Trolley numbers down 8% but A&Es under pressure - INMO
Nurses at St Vincent’s Hospital stage lunchtime protest at understaffing
File photograph of Liam Doran INMO with nurses from St Vincent’s Hospital holding a protest. Photograph: Eric Luke / The Irish Times
The number of patients on trolleys fell 8 per cent last month over the same month last year but emergency departments remain under unsustainable pressure, according to the Irish Nurses and Midwives Organisation.
An analysis by the union reveals a mixed picture, with some hospitals showing improvements and others suffering a sharp rise in trolley numbers.
INMO nurses at St Vincent’s Hospital, where trolley numbers have soared over the past year, are staging another lunchtime protest over staffing and other issues.
The union says it has repeatedly raised concerns with hospital management over nursing post vacancies, the shortage of nurses in the ED and ward areas, and the continued practice of admitting additional patients to wards despite unsafe levels of staffing.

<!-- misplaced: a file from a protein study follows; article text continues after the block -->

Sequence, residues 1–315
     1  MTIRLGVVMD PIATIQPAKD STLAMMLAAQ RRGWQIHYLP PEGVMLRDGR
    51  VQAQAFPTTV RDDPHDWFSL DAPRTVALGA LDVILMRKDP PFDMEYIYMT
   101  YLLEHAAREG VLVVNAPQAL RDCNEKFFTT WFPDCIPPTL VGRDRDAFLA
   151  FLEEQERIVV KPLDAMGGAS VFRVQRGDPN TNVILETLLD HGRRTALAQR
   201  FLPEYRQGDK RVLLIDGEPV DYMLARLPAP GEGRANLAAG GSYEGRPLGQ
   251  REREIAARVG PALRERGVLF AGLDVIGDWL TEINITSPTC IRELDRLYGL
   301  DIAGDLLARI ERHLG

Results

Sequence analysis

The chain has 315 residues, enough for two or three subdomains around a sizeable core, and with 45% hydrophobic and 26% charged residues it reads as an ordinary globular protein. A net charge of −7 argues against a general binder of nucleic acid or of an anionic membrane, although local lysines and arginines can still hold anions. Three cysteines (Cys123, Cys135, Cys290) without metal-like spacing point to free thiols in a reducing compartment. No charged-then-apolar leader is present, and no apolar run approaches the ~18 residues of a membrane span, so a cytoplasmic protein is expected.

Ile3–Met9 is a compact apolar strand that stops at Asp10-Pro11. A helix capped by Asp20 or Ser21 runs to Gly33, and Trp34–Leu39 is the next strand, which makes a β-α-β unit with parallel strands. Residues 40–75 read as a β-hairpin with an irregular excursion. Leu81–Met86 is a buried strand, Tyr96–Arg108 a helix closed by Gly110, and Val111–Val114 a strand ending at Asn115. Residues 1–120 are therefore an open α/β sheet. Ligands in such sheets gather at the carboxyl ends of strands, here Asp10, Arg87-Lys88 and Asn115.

It claims management have refused its demands for a publicly declared state of emergency within the hospital and an independent review of staffing.
INMO industrial relations officer Philip McAnenly called on the hospital to immediately curtail services to a safe level and to refer patients to St Colmcille’s Hospital in Loughlinstown and St Michael’s Hospital in Dun Laoghaire.
He said Wednesday’s protest represented the start of a campaign to ensure management responded to the urgent concerns of patients and staff.
The INMO analysis found there were 8,885 admitted patients on trolleys last month, compared to 9,657 in the same month in 2015. Trolley numbers fell significantly in Letterkenny, Connolly, Wexford, Beaumont and Our Lady of Lourdes Drogheda hospitals.
However, they grew in St Vincent’s, Cork, Waterford, Kilkenny and Tullamore.